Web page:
3. Liability trigger if no exemption applies. Upon a permanent cessation of operations at a facility, liability is triggered if the cessation results in more than a 15% reduction in the total number of employees eligible to participate in any employee pension plan, including a 401(k) plan, maintained by members of the controlled group. (This replaces the old trigger based on a 20% reduction in the number of active participants in the affected defined benefit plan.)
  4. New way of satisfying liability if no exemption applies and the cessation meets the 15% trigger. The employer has a new, additional way of satisfying the 4062(e) liability that will usually be less expensive. It may contribute to the plan, in seven annual installments, an amount equal to 1/7 of the unfunded vested benefits (as measured for premium purposes) times the percentage reduction in active participants. The annual installments are also capped at an amount designed to limit the amount by which the 4062(e) additional contribution will increase the plan’s minimum funding contributions. Furthermore, the annual installments cease entirely if in any year the plan becomes 90% funded for unfunded vested benefits (as measured for premium purposes), even if the plan later falls below the 90% level.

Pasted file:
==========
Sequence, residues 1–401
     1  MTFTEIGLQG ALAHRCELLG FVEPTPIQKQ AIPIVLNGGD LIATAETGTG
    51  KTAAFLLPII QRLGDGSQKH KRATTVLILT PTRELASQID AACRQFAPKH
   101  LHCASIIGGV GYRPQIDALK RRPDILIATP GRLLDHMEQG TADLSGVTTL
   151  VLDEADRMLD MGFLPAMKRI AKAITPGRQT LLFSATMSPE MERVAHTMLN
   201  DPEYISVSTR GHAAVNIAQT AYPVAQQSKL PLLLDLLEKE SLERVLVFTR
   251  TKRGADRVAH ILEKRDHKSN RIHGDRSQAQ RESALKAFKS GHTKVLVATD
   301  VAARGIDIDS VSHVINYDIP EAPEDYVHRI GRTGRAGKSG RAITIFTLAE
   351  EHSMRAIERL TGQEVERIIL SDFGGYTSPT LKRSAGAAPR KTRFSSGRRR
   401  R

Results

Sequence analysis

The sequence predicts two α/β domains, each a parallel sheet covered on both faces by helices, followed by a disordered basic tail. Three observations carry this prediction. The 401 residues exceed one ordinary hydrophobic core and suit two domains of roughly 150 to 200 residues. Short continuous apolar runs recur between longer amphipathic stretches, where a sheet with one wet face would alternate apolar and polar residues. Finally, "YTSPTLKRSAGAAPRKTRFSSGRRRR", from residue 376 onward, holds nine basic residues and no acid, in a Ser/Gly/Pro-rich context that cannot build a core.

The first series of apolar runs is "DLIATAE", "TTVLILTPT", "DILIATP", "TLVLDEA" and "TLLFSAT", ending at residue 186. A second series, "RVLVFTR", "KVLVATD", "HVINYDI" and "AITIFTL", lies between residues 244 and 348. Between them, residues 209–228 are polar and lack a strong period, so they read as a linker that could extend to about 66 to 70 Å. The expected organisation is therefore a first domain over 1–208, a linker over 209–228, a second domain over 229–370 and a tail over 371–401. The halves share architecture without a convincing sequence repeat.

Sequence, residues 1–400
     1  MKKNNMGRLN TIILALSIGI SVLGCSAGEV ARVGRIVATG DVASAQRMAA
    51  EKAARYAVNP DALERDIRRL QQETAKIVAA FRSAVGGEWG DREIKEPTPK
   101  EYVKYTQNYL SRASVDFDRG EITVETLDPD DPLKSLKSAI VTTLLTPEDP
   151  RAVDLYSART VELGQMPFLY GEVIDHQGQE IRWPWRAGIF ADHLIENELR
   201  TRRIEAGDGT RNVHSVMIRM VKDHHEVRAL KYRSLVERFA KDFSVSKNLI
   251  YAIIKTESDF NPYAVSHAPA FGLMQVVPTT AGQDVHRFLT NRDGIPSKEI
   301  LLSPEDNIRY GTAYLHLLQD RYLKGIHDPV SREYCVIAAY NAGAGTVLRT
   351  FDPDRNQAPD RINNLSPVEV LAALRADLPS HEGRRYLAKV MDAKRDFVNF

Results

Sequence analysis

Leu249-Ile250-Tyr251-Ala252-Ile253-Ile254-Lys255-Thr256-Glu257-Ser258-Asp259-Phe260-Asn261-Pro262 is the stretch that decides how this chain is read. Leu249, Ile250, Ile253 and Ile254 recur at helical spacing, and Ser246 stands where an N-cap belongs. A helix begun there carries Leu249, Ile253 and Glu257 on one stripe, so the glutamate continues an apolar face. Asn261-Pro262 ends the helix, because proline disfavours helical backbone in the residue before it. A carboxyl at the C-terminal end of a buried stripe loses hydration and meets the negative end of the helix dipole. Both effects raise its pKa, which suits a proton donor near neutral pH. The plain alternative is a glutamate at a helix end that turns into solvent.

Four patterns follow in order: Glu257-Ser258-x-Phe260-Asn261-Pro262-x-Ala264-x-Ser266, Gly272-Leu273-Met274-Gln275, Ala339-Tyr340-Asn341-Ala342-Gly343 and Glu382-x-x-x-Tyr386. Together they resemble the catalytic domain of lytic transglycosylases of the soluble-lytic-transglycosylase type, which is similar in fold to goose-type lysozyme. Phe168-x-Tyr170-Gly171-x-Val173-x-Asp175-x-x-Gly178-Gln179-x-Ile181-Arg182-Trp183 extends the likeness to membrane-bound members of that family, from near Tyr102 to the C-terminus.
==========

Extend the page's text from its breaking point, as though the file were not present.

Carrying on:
5. Cessations to which the new rules apply. The new rules apply to cessations of operations occurring on or after December 16, 2014. In addition, PBGC must apply the new rules to prior cessations, except where a settlement agreement was entered into before June 1, 2014.
  6. PBGC’s enforcement policy continued. For both past and future cessations, PBGC must apply its prior enforcement policy. This means that PBGC will not enforce ERISA Sec. 4062(e) against companies that are financially sound (except, again, in cases of a pre-June 1, 2014 settlement).
  7. Reporting requirements. If a plan is exempt under the fewer-than-100-participants rule or the 90%-funded rule, no reporting of a cessation of operations is required. Otherwise, the employer must report the event to PBGC if the 15% reduction described above is triggered.

The PBGC emphasizes that the above is only a simplified description of some of the law changes. The above description does not constitute its official interpretation of the new law, which the PBGC continues to review. The PBGC states that employers that had or have a cessation of operations on or after December 16, 2014, that is not exempt and that meets the 15% reduction trigger described above, should report the event to the PBGC. In addition, employers that had a cessation before that date should report it to the PBGC, if they have not already done so. The PBGC may be contacting employers that previously reported a cessation for additional information to determine whether and how the new rules apply to that event.

Source: PBGC Announcement, January 22, 2015.